PHP references allow you to make two variables to refer to the same content. Meaning, when you do:
$bpoint to the same content.
$bare completely equal here, that's not
$ais pointing to
$bor vice versa, that's
$bpointing to the same place.
Note: If array with references is copied, its values are not dereferenced. This is valid also for arrays passed by value to functions.
Note: If you assign, pass or return an undefined variable by reference, it will get created.
The same syntax can be used with functions, that return references, and with new operator (in PHP 4.0.4 and later):new return reference automatically so using =& in this context is deprecated and produces E_STRICT level message.
Note: Not using the & operator causes a copy of the object to be made. If you use $this in the class it will operate on the current instance of the class. The assignment without & will copy the instance (i.e. the object) and $this will operate on the copy, which is not always what is desired. Usually you want to have a single instance to work with, due to performance and memory consumption issues.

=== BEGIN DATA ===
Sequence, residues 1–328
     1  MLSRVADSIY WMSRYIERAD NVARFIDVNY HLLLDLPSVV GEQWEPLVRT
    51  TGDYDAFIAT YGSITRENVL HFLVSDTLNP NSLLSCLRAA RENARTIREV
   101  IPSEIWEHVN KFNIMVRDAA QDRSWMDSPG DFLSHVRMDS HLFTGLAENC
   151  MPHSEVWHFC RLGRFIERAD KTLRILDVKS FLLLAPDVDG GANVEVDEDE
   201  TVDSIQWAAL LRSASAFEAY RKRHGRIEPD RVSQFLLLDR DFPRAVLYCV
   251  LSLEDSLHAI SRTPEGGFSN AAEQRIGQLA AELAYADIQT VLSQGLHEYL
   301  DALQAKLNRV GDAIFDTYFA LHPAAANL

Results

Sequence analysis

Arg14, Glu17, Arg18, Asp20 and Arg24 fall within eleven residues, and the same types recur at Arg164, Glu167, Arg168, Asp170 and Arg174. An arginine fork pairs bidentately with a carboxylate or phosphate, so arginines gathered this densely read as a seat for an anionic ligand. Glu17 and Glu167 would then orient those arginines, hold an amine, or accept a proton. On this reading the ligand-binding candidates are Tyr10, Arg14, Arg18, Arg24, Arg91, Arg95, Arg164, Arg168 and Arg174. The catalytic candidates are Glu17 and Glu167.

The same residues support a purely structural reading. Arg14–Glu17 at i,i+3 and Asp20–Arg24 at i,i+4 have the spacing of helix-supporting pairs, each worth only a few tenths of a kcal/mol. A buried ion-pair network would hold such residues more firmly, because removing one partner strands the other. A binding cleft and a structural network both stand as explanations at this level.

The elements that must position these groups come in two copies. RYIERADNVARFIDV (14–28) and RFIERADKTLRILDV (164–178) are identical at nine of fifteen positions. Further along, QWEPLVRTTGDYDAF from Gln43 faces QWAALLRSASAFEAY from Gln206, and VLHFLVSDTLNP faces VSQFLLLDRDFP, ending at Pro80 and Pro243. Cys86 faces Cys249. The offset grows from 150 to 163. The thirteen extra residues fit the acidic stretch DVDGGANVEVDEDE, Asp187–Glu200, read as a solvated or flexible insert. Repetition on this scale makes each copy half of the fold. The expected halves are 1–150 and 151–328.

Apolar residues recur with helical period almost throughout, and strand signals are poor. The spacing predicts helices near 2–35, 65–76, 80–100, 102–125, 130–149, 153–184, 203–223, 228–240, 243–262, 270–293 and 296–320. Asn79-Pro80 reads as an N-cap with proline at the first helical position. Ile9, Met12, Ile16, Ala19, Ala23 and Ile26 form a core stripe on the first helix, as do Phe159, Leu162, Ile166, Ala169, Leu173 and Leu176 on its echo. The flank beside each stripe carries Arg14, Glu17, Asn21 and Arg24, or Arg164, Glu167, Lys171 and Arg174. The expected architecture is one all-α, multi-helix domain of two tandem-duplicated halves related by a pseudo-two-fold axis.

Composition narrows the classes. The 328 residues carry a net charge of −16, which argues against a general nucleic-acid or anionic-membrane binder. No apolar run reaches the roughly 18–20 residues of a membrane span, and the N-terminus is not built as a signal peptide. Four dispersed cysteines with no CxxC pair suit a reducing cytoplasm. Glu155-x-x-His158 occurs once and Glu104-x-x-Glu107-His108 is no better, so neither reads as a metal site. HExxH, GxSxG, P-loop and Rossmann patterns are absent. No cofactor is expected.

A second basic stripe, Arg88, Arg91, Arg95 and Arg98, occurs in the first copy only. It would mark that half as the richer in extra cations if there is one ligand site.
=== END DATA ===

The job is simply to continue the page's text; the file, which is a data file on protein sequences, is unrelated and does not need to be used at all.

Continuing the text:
While you can use the @ operator to mute any errors in the constructor when using it as @new, this does not work when using the &new statement. This is a limitation of the Zend Engine and will therefore result in a parser error.
Note: If you assign a value to a variable with references in a foreach statement, the references are modified too.
The second thing references do is to pass variables by-reference. This is done by making a local variable in a function and a variable in the calling scope reference to the same content. Example:
$ato be 6. This happens because in the function
$varrefers to the same content as
$a. See also more detailed explanations about passing by reference.
The third thing reference can do is return by reference.